Thursday, March 10, 2011

Karl's Quote

Before capitalism could get going, it was in need of money capital to finance its operation. Primitive accumulation began with the age of exploration and continued through the mercantile period to provide the necessary capital. Marx comments, "The capitalist mode of production – since its basis is wage labour, and therefore also the payment of the worker in money and the general transformation of services in kind into money payments – can develop on a large scale and penetrate deeply only when there is a quantity of money in the country in question for circulation and for the hoard formation (reserve fund etc.) conditioned by this circulation, This is a historical precondition, even if the situation should not be conceived in such a way that a sufficient hoard has first to be formed before capitalism production can begin. The latter rather develops simultaneously with the development of its preconditions, and one of these preconditions is a sufficient supply of precious metals. Hence the increased supply of precious metals from the sixteenth century onwards was a decisive moment in the historical of capitalist production. In so far as we are dealing with the further supply of money material needed on the basis of the capitalist mode of production, we can say that on the one hand surplus-value is cast into circulation in the product without the money for its conversion, while on the other hand surplus-value in gold is cast into circulation without its previous transformation from product into money."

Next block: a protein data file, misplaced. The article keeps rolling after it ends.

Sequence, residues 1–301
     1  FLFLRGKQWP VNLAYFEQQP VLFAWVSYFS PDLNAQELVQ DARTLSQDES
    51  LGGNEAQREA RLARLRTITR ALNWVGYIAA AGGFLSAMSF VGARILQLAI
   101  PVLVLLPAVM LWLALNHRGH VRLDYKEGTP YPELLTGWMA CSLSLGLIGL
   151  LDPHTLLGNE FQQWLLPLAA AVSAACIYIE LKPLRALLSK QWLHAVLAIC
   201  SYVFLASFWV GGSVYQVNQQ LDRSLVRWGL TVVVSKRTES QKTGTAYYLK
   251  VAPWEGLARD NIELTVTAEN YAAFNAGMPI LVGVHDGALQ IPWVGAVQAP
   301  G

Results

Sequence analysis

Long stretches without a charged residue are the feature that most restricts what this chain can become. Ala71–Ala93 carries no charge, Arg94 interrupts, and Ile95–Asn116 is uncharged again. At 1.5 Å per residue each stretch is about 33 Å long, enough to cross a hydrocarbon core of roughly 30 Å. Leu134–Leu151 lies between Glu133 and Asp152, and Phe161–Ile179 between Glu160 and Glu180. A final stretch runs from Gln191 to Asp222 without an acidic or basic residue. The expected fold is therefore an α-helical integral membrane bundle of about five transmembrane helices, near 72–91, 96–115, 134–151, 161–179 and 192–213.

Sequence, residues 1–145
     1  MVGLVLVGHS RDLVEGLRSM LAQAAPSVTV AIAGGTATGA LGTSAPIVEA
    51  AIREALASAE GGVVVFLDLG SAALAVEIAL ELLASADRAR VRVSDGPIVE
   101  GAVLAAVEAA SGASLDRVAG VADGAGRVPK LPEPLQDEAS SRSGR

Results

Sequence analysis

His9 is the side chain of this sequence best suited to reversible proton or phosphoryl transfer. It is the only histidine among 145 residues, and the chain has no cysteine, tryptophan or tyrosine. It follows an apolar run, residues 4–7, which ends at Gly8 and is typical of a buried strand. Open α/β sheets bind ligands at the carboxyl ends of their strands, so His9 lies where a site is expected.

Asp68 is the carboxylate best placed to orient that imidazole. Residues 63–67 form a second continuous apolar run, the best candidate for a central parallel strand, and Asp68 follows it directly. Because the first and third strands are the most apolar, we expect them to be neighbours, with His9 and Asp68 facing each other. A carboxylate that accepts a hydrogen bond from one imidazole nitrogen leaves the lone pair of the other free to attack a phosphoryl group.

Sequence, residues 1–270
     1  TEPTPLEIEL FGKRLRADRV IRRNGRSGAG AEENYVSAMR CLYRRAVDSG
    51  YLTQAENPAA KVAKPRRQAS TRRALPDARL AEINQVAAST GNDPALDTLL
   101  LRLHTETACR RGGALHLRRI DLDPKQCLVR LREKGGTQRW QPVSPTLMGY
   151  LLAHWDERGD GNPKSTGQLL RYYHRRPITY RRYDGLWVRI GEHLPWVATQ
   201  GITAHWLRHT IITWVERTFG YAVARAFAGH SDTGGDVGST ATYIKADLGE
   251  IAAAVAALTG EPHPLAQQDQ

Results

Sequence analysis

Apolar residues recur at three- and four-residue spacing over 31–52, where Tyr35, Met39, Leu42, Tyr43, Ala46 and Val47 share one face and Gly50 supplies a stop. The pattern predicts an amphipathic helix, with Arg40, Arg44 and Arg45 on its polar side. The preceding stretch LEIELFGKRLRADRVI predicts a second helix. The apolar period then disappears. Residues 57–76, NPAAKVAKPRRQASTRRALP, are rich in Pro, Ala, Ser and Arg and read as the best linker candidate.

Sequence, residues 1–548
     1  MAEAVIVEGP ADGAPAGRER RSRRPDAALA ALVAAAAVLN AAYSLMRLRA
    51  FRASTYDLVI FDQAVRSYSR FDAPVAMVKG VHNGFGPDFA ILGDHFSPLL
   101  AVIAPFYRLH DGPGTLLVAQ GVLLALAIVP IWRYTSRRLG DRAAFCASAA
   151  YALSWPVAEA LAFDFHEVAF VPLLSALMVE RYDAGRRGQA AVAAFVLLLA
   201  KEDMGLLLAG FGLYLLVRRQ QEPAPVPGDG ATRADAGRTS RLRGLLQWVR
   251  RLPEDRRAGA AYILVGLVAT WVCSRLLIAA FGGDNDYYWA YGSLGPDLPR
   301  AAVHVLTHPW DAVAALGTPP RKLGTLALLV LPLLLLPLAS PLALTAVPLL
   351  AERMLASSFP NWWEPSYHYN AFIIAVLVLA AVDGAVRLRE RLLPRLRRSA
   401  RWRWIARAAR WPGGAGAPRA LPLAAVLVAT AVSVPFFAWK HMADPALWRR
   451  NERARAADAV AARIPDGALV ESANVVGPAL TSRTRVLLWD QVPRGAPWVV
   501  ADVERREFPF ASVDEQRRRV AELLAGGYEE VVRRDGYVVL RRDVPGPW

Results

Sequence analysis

(Capital, Vol. II, p418 Penguin Classics edition)

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